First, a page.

Normally a standard power steering system is fine for tires under 35s ~ or in regular driving conditions. But when you have BIG tires (like Cringer does) and axle with lockers (as Cringer does) and are in difficult tight conditions while on extreme obstacles (like Cringer will be), sometimes the steering can be overloaded. Thats when the ram will help turn the wheels with little or no effort.

But in order for it to do that, you need to make the hydraulic lines that will carry the fluid from the steering box to the ram. And that's what we're doing next.

Now there are a couple ways to do this, you can have lines custom made at an 'assembled hose and fittings shop' ~ like I did for Rusty, or any of the other builds ~ or you can do it yourself. As this is the first time we've done this, lets document it. It starts with PSC's hose kit that is an option when buying the ram. FYI ~ We got the 8 foot kit. Take the hose...
mb11_878.jpg


...And put the outer sheith on. Its internally left-hand threaded so simply twist it on. Remember, lefty-tighty!
mb11_879.jpg
 
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Damian Grihalva

High Wheeler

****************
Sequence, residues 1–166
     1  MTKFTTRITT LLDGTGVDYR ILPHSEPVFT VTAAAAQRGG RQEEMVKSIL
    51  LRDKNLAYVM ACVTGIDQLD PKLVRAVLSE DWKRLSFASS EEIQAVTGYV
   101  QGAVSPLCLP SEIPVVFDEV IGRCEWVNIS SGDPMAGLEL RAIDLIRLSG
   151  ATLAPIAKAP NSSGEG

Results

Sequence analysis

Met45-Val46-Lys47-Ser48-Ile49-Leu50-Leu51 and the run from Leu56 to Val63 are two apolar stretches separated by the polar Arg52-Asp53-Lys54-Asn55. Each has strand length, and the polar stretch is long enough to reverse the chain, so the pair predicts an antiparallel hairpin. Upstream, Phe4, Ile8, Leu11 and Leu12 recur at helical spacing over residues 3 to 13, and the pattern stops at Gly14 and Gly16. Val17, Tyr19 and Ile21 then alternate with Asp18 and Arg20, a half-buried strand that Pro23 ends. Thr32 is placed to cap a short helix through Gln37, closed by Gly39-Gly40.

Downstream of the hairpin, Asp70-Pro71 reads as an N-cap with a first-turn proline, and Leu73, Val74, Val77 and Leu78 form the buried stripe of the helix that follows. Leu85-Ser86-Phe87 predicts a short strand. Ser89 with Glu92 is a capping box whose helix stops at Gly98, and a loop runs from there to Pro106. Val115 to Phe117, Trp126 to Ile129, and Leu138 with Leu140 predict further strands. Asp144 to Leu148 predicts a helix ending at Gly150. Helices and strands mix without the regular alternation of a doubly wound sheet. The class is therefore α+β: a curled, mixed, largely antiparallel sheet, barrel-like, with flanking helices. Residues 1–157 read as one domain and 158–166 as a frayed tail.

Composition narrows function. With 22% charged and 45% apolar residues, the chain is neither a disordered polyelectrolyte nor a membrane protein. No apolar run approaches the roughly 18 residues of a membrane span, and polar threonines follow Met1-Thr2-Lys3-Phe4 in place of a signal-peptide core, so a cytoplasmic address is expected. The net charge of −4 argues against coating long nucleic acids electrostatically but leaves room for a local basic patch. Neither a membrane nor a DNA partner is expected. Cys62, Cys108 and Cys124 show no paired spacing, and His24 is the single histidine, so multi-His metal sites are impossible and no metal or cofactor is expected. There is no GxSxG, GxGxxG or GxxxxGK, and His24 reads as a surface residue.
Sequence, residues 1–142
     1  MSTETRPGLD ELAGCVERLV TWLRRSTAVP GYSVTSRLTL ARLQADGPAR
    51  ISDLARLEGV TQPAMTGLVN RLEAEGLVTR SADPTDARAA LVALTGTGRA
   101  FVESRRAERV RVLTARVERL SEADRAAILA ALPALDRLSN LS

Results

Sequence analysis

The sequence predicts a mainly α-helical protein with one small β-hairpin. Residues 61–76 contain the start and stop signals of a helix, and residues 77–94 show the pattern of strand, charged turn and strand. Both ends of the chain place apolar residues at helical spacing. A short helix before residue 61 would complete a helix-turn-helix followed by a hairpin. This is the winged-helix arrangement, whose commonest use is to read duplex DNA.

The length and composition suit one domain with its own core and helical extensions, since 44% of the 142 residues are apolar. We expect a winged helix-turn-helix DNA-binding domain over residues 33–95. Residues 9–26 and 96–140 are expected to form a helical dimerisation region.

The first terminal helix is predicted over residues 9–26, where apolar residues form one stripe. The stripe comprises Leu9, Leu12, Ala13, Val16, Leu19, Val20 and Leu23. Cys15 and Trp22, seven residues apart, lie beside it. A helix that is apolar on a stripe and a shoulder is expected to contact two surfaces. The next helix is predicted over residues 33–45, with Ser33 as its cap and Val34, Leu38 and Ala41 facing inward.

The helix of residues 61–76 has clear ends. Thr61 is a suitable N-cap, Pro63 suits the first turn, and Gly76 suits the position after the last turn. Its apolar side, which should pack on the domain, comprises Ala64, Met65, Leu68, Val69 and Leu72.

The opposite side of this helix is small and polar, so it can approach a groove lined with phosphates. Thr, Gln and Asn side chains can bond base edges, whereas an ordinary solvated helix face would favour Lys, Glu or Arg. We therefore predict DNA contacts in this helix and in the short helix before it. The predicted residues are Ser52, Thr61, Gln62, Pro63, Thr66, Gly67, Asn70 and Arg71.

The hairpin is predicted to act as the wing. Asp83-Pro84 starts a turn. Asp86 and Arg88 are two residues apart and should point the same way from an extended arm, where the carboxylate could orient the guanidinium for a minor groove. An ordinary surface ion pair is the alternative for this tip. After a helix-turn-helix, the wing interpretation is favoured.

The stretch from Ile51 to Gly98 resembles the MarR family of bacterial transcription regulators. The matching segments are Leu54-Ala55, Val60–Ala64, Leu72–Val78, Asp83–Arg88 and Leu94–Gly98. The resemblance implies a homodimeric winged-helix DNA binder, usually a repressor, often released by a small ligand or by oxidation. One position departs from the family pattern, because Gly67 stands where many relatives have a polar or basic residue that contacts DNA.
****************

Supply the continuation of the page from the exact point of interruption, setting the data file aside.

Joined
Mar 14, 2002
Messages
2,158
Points
38
Location
Colorado Springs
Tighten it basically sucks the tube into the fitting. Here at the start, check out where the fitting is on the hose. You can clearly see most of the 'resistant' writing on the hose.
mb11_880.jpg


But as you can see, there's plenty of room left...so keep going.
mb11_881.jpg


Tightening it up as far as I could with my hand, still didn't fully seat the hose in the fitting.
mb11_882.jpg


Take a look at 'resistant' again, now you can only see 're'
mb11_883.jpg


Using some vise grips, and being careful not to damage the hose, I was able to keep tightening till the hose was 'bottomed out' in the fitting.
mb11_884.jpg


Looking again at the 'written word' ~ you can see the word 'resistant' is now completely covered and inside the fitting.
mb11_885.jpg


Now we turn to the second part of the fitting.
mb11_886.jpg


What happens is you insert the tapered part into the fitting you just screwed the hose into. Like so.
mb11_887.jpg


Then using two wrenches, tighten it the two parts of the fittings till they come together...like so.
mb11_888.jpg